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Volume 17 , Issue 3
May/June 2002

Pages 399–404


A Retrospective Radiographic Analysis of Bone Loss Following Placement of TiO Grit–Blasted Implants in the Posterior Maxilla and Mandible

Paige Warren, BS, Nancy Chaffee, DDS, MS, David A. Felton, DDS, MS, Lyndon F. Cooper, DDS, PhD


PMID: 12074456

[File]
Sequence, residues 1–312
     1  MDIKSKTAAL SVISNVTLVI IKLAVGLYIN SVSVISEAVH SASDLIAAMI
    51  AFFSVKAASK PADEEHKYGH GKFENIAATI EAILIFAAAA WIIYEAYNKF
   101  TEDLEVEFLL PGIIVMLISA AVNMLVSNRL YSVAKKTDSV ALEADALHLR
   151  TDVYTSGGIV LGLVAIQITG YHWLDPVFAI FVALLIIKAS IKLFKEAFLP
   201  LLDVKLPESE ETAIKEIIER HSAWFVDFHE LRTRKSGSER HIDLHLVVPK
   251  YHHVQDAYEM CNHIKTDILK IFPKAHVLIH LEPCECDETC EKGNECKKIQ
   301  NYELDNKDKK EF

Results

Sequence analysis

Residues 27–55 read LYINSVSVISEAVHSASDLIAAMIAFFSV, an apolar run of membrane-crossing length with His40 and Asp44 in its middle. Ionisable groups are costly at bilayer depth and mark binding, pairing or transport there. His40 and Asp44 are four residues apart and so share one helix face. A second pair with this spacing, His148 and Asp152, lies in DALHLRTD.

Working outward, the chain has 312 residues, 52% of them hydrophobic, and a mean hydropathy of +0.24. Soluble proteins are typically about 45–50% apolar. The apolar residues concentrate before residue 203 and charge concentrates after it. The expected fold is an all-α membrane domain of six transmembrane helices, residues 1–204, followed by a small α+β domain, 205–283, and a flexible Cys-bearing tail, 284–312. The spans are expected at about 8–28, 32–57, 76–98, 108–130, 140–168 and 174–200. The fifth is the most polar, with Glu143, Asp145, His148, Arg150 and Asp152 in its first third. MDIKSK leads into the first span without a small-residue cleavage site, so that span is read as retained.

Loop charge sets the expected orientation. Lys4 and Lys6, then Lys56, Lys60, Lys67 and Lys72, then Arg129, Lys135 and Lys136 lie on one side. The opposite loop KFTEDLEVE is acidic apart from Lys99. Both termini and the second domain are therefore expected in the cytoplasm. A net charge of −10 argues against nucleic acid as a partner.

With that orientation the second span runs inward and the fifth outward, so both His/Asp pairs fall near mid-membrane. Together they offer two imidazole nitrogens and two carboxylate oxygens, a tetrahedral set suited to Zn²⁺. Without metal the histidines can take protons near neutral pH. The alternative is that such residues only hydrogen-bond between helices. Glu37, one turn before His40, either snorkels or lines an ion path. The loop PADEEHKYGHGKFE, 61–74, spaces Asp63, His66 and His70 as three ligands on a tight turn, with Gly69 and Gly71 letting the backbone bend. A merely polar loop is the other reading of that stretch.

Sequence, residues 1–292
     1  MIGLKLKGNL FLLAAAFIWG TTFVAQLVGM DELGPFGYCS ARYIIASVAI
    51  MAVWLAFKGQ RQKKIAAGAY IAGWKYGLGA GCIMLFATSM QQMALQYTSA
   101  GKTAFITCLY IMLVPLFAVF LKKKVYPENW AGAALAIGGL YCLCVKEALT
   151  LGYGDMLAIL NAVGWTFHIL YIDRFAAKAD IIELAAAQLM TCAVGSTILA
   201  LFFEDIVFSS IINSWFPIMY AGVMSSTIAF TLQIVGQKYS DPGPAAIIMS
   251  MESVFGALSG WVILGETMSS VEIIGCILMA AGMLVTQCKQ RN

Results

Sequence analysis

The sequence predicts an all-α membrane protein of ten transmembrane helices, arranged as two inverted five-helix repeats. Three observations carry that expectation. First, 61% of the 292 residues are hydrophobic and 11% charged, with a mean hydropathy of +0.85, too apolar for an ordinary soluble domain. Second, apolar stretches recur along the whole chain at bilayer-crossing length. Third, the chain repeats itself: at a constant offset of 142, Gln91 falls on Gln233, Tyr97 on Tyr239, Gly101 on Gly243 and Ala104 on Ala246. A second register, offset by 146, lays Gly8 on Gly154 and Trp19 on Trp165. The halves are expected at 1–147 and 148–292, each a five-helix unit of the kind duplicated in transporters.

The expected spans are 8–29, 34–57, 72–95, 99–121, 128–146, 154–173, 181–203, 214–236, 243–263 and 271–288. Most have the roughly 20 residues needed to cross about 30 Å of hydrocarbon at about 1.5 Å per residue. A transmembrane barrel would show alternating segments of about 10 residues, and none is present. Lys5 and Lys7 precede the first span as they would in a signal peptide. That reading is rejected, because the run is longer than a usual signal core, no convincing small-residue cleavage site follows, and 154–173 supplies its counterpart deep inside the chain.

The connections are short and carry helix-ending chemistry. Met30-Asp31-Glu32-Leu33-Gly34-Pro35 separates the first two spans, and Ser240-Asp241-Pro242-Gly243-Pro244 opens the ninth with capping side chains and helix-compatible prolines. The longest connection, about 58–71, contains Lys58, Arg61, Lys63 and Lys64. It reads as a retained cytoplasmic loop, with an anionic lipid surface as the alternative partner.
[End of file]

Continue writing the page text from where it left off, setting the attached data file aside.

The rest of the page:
Purpose: Cortical bone is a determinant of implant esthetics and may contribute to the biomechanical integrity of the implant-supported prosthesis. Historically, approximately 1.0 to 1.5 mm of bone loss has occurred immediately following second-stage surgery and implant loading. Recent consideration of implant design suggests that surface topography may affect crestal bone responses at the implant interface. The aim of this retrospective study of 102 implants in 48 subjects supporting posterior fixed partial dentures was to radiographically define the behavior of crestal bone at TiO2 grit–blasted implants following surgical placement and subsequent loading in the posterior maxilla and mandible. Materials and Methods: The crestal bone position relative to the implant reference point (junction of the crestal bevel with the TiO2 grit–blasted surface) was evaluated at implant placement, at abutment placement, and 6 to 36 months following restoration, with an average recall period of 2.3 years. The implant position and dimension were recorded. A single investigator using 7 magnification assessed all radiographs. Results: Crestal bone loss from the time of implant placement up to 36 months following restoration ranged from 0.0 to 2.1 mm. Of the 102 implants, 14 implants showed greater than 1.0 mm of crestal bone loss. They were not clustered at any particular tooth position. Eighty of the implants showed less than 0.5 mm of radiographically measured bone loss. Mean crestal bone loss was 0.36 mm (± 0.6 mm). Averages of 0.57 and 0.24 mm loss were shown for 3.5- and 4.0-mm-diameter implants, respectively (P < .051). Bone gain was seen at several 4.0-mm- diameter implants. Discussion: This retrospective evaluation indicates that the radiographically measured bone loss may be expected to be less than 1 mm following placement and loading of TiO2 grit–blasted implants. The close approximation of bone with the implant/abutment interface suggests the attenuation of any microgap-induced bone loss. Additional reasons for crestal bone maintenance may include factors attributed to implant surface roughness and loading along a tapered implant/abutment interface. Conclusions: Several clinical advantages for maintaining crestal bone at implants supporting posterior prostheses can be identified. (INT J ORAL MAXILLOFAC IMPLANTS 2002;17:399–404)


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